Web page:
People have been consistantly posting that the DDR3-1600 at 4gb is more than enough, when would you want to go to 6 gb or more?

    HDD:
    Samsung F3 seems to dominate the boards unless you can afford an SSD. How much fast is an SSD? Would be nice to have that on my work machine for my multi tasking.

    DVD Player: Seems pretty straight forward so probably not much to chime in on here.

    PSU: This seems like a hit and miss area. Steady power seems important, how do you know what watts are sufficient and what brands are reliable?

    Stock fans?

    Case: What makes a case $150 over a $50 case? Fans? Design? Do they offer better gauge metal to dumb down fan noise?
  6. If your doing software development I would have gone for the dual 22"s. Coding is much better on multiscreens. More so if you aren't using the resolution that the screen you bought provides.

    The GTX460 is more powerful, which is why it costs more. If you have a 1080 or 1200 monitor then you should get it IF you do gaming. The 5770 will struggle a lot more at these higher resolutions.

    You'd want more ram if you have a need for it? Weak I know. 2-4GBs seems to be what people need these days, more maybe later. You'd know if it you did.

    SSDs don't help with multitasking, not in the traditional way anyways. Once the info is loaded into the ram your not using the drive anymore. This is why having that 4GBs is important. If its just a straight surfing/programing machine the F3 is fine.

    PSUs brands that are considered good are Antec, Corsair, Enermax, and Seasonic. Others that are probably good include XFX, OCZ, PCP&C, ThermalTake, and probably many others that I'm forgetting. You figure out how many watts you need by looking at the CPU and GPU, and then adding another 50-100 for everything else you have installed. For example, if you have a 95W CPU and a 150W GPU you need at least 300W for everything. If you have two of those CPUs, then you'll need 450W or so for that CF/SLI setup.
  7. 4745454b said:
    If your doing software development I would have gone for the dual 22"s. Coding is much better on multiscreens. More so if you aren't using the resolution that the screen you bought provides.


    Right now I'm still doing mostly spreadsheet bs in a finance role, just started learning how to code and anticipate having another monitor I'm sure. I opted to go for the nicer 24" for now as the panneling is better and a good amount of people suggested this monitor for long hours at the screen.

    4745454b said:

    The GTX460 is more powerful, which is why it costs more. If you have a 1080 or 1200 monitor then you should get it IF you do gaming. The 5770 will struggle a lot more at these higher resolutions.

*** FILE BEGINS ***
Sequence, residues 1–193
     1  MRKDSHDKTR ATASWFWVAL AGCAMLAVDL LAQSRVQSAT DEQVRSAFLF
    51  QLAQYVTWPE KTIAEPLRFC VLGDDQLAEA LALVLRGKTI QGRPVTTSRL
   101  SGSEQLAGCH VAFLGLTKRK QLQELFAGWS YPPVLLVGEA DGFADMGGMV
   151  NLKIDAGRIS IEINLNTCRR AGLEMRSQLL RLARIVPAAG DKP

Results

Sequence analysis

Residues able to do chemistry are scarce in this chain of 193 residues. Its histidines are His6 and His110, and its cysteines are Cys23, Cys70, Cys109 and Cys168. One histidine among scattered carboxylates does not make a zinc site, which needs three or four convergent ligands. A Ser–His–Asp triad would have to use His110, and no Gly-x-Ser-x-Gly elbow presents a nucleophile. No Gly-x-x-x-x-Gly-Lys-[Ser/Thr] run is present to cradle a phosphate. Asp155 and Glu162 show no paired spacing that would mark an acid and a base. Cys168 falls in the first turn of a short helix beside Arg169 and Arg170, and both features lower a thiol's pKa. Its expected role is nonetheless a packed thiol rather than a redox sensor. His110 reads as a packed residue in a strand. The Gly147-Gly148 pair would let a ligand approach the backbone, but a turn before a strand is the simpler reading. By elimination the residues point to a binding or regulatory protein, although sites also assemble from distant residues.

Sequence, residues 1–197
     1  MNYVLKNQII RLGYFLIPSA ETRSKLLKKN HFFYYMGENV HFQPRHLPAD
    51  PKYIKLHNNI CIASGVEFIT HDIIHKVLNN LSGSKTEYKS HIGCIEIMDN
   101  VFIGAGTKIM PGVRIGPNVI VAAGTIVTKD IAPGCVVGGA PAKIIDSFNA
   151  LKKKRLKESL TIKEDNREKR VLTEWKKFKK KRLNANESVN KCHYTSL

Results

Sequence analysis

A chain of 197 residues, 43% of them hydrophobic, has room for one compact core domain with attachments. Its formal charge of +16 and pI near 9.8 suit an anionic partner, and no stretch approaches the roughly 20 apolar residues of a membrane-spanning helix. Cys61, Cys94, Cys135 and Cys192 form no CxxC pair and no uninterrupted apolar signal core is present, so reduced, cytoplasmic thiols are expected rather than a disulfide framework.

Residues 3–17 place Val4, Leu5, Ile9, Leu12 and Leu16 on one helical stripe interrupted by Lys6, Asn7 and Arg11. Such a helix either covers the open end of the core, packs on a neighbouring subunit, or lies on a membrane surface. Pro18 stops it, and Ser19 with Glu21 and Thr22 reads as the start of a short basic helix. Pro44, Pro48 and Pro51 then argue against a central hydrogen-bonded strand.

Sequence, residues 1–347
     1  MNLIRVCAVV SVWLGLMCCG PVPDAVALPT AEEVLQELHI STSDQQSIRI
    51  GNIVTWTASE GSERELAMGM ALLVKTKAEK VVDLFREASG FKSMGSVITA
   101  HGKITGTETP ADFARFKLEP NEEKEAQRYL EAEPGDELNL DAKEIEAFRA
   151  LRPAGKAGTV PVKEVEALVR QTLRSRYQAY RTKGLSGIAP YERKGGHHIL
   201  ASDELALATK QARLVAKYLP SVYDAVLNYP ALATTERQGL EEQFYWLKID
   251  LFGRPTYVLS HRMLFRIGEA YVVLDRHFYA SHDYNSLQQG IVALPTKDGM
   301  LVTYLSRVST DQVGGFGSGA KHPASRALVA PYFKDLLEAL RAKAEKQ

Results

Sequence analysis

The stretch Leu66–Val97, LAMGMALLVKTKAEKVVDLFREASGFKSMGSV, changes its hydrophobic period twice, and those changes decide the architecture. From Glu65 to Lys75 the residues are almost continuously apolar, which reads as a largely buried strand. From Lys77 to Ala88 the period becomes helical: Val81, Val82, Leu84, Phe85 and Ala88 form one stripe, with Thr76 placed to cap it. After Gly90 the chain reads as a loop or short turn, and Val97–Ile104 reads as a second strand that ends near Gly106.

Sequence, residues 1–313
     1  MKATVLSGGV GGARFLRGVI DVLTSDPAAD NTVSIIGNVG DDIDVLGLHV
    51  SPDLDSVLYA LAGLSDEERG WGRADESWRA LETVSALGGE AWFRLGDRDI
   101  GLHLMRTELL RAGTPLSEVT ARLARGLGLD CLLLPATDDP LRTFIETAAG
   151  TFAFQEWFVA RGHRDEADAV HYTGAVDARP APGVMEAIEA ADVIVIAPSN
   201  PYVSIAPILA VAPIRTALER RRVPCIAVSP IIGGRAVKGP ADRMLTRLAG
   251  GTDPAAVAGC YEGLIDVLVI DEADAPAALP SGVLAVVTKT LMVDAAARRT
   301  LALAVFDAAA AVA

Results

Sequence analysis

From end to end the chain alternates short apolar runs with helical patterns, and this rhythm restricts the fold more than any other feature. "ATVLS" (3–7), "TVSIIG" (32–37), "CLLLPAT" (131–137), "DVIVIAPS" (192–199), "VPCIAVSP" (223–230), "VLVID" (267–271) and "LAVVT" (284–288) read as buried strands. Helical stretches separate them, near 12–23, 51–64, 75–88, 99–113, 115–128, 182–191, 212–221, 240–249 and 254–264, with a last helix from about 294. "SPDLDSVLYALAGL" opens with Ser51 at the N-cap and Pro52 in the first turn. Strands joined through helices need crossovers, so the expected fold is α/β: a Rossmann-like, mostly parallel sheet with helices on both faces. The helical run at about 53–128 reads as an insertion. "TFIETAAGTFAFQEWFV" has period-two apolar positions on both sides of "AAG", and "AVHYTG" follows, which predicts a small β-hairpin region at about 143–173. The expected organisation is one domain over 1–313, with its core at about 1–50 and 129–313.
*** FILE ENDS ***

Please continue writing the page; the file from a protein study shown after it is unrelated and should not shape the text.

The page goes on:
Thanks for giving me a difinitive answer on this, the 460 now makes the most sense.

    4745454b said:

    SSDs don't help with multitasking, not in the traditional way anyways. Once the info is loaded into the ram your not using the drive anymore. This is why having that 4GBs is important. If its just a straight surfing/programing machine the F3 is fine.


    Ok. Help me understand where the SSD does shine, preferably in layman's terms like the above info :sol:

    4745454b said:

    PSUs brands that are considered good are Antec, Corsair, Enermax, and Seasonic. Others that are probably good include XFX, OCZ, PCP&C, ThermalTake, and probably many others that I'm forgetting. You figure out how many watts you need by looking at the CPU and GPU, and then adding another 50-100 for everything else you have installed. For example, if you have a 95W CPU and a 150W GPU you need at least 300W for everything. If you have two of those CPUs, then you'll need 450W or so for that CF/SLI setup.


    Awesome, thanks again!
  8. 4745454b,

    You seem to be able to explain things in a way that make logical sense, can you help me understand the CPU?
  9. The best way to see how fast they are is to go to a store (Apple store, Best Buy, whatever) and see if they have two similar computers, one with an SSD and one without.

    SSDs improve boot times and app loading times. They make your computer seem much more responsive, and just generally improve the day-to-day experience.

    Here's some intro reading on SSDs.
    Anandtech's SSD Relapse - a few months old, so the product recommendations are a bit old, but the overview of the technology can't be beat
    Value of SSDs vs. traditional hard drives - more recent, lots of graphs
    SSD Buyer's guide - also pretty recent, good overview of the different controllers
  10. Where are you going to school? I got a BS in Business administration from the CSU system. My options were in Acct and MIS. I took HTML, SQL, visual basic, and Java programing. I can't imagine taking the SQL and Java classes with only one screen. The reason why people like that monitor is its large, and provides a high resolution so you can see all your stuff at once. You don't don't get this if you run at 1280x1024.